iCURE helps a first-generation American reach her goal

Anaisa Quintanilla-Arteaga in the lab

iCURE fellow AnaisaQuintanilla-Arteaga at her lab bench.
Photo credit: Lianne Priede 

Anaisa Quintanilla-Arteaga, a first-generation American of Mexican descent from El Paso, Texas, is currently an iCURE scholar. iCURE, the intramural extension of the CURE (Continuing Umbrella of Research Experiences) program, supports mentored research experiences for qualified students and scientists. Quintanilla-Arteaga’s ultimate goal is to be the Latina scientist she wishes she had seen when she was younger, and “hopefully help younger generations of Latinas realize that they belong and can thrive in STEM, too.” 

Growing up, it was common for Quintanilla-Arteaga to be given traditional folk medicine as a first line of treatment for any ailment she had. “It was always some kind of plant-based medicine that came with an anecdote about how [this] had worked previously for some distant relative of an older generation,” she says.

During her graduate studies in physiology at Georgetown University, she became skeptical of these medicines, creating a wedge between herself and her family. It wasn’t until she took a course on medicinal plants that she realized how close her two worlds really were. 

Quintanilla-Arteaga’s coursework required her to read scientific articles on the healing properties of many plants, including mint leaves, and the animal and human studies done to support their medicinal use. She was instantly transported to her childhood backyard, where her mother grew mint (or “hierbabuena,” which translates to “good plant”). She would tear off a few leaves to make tea whenever Quintanilla-Arteaga had a stomachache. In that moment, she realized her mother was ultimately right about the medicinal potential of mint leaves.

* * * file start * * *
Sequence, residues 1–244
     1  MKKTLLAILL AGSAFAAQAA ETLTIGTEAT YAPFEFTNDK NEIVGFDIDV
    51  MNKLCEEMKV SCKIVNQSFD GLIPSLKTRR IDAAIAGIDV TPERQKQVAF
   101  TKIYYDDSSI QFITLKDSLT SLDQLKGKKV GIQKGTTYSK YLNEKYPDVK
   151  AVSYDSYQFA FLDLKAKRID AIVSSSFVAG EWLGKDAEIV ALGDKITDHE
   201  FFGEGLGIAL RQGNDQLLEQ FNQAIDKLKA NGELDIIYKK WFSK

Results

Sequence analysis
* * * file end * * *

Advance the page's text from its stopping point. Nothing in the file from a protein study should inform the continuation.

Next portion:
While attending Georgetown, Quintanilla-Arteaga conducted research part time with Beverly Mock, Ph.D., Deputy Chief of the Laboratory of Cancer Biology and Genetics, as a special volunteer. As her time in graduate school and the lab began to come to an end, she spoke with Dr. Mock about becoming a full-fledged fellow. Dr. Mock then referred her to the iCURE program, as she thought it would align with Quintanilla-Arteaga’s interests and goals. After applying, Quintanilla-Arteaga was accepted and able to continue her research in Dr. Mock’s lab focused on proteasome inhibitor resistance in multiple myeloma, a type of cancer that begins in white blood cells that produce antibodies, called plasma cells. 

Of the program, Quintanilla-Arteaga is very grateful of the opportunities given to her and says, “I would highly encourage people who identify as minorities to apply to this program … this program is [a chance] to pursue opportunities that otherwise wouldn’t be available.” 

Learn more about the iCURE program here.

Learn more about fellowship opportunities within CCR here.

Summary Posted: Mon, 05/06/2019